The study’s authors found that negative mood accumulated during the week closer to the blood draw was linked to higher levels of inflammation in the body. What’s more, the correlation between negative mood and inflammation was stronger closer to the blood draw. Conversely, positive mood was associated with lower levels of inflammation.
Unlike previous research efforts, the present study not only used standard questionnaires that gauge a participant’s feelings but also asked them how they felt in the moment.
It’s only recently that scientists have started to include inflammation in theories of depression, so there’s a lot of ground to cover. It could be that negative mood, such as living through a stressful event in one’s life, triggers biological reactions that lead to inflammation. Interestingly, the most widely used therapies for depression have been shown to reduce inflammation. Often times, these therapies involve lifestyle changes, such as exercise and diet.
“We hope that this research will prompt investigators to include momentary measures of stress and affect in research examining inflammation, to replicate the current findings and help characterize the mechanisms underlying associations between affect and inflammation,” principal investigator Jennifer Graham-Engeland, associate professor of biobehavioral health at Penn State, said in a statement.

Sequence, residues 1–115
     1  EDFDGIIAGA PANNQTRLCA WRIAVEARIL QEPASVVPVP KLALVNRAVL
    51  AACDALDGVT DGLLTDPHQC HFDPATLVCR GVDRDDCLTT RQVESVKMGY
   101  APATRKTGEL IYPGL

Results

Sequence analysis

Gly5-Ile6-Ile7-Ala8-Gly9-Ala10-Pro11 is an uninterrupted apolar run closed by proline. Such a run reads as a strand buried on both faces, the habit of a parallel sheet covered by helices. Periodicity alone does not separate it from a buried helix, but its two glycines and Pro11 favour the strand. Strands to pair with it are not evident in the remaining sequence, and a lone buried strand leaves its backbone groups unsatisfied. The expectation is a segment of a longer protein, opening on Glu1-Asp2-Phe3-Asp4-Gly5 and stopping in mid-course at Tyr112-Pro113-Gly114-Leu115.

“Because affect is modifiable, we are excited about these findings and hope that they will spur additional research to understand the connection between affect and inflammation, which in turn may promote novel psychosocial interventions that promote health broadly and help break a cycle that can lead to chronic inflammation, disability, and disease.”
The findings appeared in the journal Brain, Behavior, and Immunity.